Peter's girlfriend (who is almost certainly cheating on him) suggests that he agree to see an occupational hypnotherapist. He goes along with it, but the hypnotherapist dies before the session is finish. Peter is stuck in a state of relaxation, and he's never felt better. His girlfriend breaks up with him, which leaves him free to ask out the waitress he's had a crush on for ages. He pretty much stops going to work, and instead of causing him problems, this somehow makes him look like management material. But that tremendous amount of chill can't last forever, and actions still have consequences. Maybe.

Sunday, November 13, 2022

REVIEW: Escape Room (live action movie)

Escape Room is a 2019 psychological horror movie. I bought my copy new.


Six people receive puzzle boxes that they think were sent to them by people close to them. Inside the boxes are invitations to a very special escape room experience. 

Jason is a cool-headed stock trader. Danny is an escape room enthusiast. Mike is a truck driver. Amanda is an Iraq War veteran with PTSD. Ben is a stockboy at a small grocery store. Zoey is a physics student struggling with anxiety. They're all very different people with a wide range of puzzle-solving experience, and they soon discover that they'll have to work together if they want to make it through the various rooms, each of which is designed to dig into a part of themselves they might have preferred to keep buried.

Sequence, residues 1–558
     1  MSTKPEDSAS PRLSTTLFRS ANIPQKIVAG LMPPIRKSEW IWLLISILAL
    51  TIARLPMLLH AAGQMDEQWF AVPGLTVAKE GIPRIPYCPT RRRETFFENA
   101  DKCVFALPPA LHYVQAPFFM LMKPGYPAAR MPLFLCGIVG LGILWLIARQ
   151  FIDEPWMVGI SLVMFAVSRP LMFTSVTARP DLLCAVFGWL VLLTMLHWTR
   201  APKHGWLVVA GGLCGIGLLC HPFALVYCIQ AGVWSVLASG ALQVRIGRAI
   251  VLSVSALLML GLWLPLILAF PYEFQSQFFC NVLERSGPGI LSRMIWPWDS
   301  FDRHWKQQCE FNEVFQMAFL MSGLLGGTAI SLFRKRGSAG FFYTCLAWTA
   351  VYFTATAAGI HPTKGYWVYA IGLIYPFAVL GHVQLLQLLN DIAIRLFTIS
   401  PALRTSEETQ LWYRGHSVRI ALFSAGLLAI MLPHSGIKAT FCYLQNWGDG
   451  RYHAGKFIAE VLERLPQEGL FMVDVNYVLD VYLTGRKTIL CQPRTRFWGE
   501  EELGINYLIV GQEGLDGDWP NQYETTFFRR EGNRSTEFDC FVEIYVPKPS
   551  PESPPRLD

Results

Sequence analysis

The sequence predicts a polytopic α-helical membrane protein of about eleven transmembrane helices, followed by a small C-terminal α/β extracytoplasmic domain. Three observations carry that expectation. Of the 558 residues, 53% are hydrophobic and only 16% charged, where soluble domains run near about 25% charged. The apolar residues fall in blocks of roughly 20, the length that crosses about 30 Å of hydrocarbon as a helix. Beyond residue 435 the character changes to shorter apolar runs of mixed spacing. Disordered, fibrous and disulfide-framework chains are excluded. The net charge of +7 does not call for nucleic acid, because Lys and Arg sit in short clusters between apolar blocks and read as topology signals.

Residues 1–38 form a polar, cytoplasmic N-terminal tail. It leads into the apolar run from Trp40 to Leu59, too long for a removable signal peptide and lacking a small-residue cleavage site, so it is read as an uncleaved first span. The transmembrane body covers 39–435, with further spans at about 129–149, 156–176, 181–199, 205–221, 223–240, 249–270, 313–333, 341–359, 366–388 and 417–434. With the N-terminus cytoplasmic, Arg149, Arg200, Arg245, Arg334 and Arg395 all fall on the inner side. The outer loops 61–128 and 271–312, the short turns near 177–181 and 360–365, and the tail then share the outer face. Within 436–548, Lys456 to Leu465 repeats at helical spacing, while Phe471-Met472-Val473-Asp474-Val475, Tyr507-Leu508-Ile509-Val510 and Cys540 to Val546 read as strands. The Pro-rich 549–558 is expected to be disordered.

REVIEW: The Scum Villain's Self-Saving System, Vol. 2 (book) by Mo Xiang Tong Xiu, translated by Faelicy & Lily, illustrated by Xiao Tong Kong (Velinxi)

The Scum Villain's Self-Saving System is a fantasy comedy danmei (m/m) story. I bought my copy of this volume brand new.


It's now three years after the events that wrapped up volume 1. Based on his knowledge of the original web novel, Shen Qingqiu (SQQ) figures he has another two years to prepare for Luo Binghe's (LBH) return. However, while investigating a mysterious plague, SQQ discovers that LBH has, in fact, somehow come back early. He also understandably feels betrayed by and upset with SQQ.